Conscious breastfeeding mothers understand that the breast is a source of food for their baby. They feed with intention. They are fully engaged in each feeding. The loving arms of mother, father, family members and other caretakers will happily hold their babies between feedings. Unfortunately, there has been an insidious medicalization of breastfeeding over the past 25 years. Paediatricians and lactation consultants are micromanaging breastfeeding and focusing on external measures, rather than on the skill of breastfeeding. Promotion and support has begun to centre around achieving milestones associated with bottle feeding and formula.

The reason that breastfeeding rates are faltering has as much to do with the helpers as it does with the formula and drug companies producing human milk substitutes.

In highly industrialized developed countries, the pervasive use of pumps and bottles of breastmilk or formula have made it difficult to even accurately define breastfeeding.

Breastmilk has become a commodity. Purchasing human milk from a milk bank is very expensive and not a viable option for people in distressed economic situations. Formula comes in far cheaper.

Interrupting the synchronicity of baby and breast through over-reliance on mechanical pumping can have a negative impact on milk supply; it often leads to increased supplementation and early weaning. Worse yet, it distracts from the essence of breastfeeding, which is the connection of a mother with her child.

It is no longer possible to rely on the knowledge that breastfeeding is natural or to believe that the instinctual baby is the final arbiter of breastfeeding success. Babies are being born into a world where they and their mothers are faced with many artifacts and challenges to breastfeeding.

Breastfeeding needs to be understood from the inside out. Assumptions that there will be pain or lack of milk supply or inability to connect are not helpful. This is a recipe for shorter duration of breastfeeding, less brand loyalty to mother's milk and many mixed and conflicted feelings about the experience of breastfeeding.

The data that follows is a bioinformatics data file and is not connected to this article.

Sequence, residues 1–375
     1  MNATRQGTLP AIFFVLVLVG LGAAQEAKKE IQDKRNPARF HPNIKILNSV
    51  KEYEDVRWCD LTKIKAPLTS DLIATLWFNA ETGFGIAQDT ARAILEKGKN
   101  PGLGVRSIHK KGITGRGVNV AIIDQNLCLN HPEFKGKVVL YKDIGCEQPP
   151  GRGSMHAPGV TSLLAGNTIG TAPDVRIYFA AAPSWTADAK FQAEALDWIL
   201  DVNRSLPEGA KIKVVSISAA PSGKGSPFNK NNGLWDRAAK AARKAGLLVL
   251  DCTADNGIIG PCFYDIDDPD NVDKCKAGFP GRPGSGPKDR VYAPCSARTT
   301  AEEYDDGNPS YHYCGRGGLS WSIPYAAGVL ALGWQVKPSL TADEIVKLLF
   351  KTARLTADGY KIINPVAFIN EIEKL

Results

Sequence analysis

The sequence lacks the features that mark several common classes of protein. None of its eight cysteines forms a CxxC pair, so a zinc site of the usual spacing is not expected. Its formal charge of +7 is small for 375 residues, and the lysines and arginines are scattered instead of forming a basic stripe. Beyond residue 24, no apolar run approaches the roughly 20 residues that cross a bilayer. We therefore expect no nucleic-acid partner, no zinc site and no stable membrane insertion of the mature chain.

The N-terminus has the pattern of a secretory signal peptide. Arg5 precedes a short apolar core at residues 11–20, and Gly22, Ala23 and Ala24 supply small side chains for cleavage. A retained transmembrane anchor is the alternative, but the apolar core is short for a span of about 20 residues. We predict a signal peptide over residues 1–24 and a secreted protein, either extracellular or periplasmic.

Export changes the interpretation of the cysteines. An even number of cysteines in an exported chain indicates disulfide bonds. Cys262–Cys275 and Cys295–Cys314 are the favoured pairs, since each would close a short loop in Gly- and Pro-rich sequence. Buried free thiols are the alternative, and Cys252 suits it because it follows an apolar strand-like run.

Breastfeeding continues to work well in traditional cultures such as the Masai tribes of Tanzania. It is expected that all of Masai babies will be breastfed by their own mothers or someone else in their group. Regrettably, this is not the case for the majority of women throughout the world who view breastfeeding as a choice that operates under a medical model. They feel a need to justify the value and efficacy of breastfeeding against using formula. This paralysis of analysis erodes the confidence of these mothers by playing on their fears that preclude the development of a global positive breastfeeding culture.

Women have fought long and hard against being marginalized because of their hormones and sexual identity. Viewing the sovereignty of their breasts for nurturing their offspring has never gained the level of sexiness as has breaking the glass ceiling. Sadly, being freed of this biologic function is now seen as a righteous choice for many modern women.

A shift in focus to Conscious Breastfeeding could have a profound effect on long-range outcomes. It's all about the latch and fostering conscious connections. Focus should be on quality versus frequency, and on breastfeeding rather than gadgets.

When cultural anthropologists of the future look back on this moment in human history, what will they find? Will they see a tipping point in breastfeeding advocacy where we were able to successfully support and preserve breastfeeding?

Breastfeeding is not standardized, but it can be optimized in each mother-baby unit over time. The power needs to shift away from the baby and doctors and back to the mother. The veneer of breastfeeding support needs to be removed and replaced with an army of coaches teaching the skill of a deep quality latch.

Breastfeeding is the biologic norm, but it requires the conscious attention of the mother to be successful. Simply put, the mother needs to be empowered and put in charge of her own breastfeeding outcomes.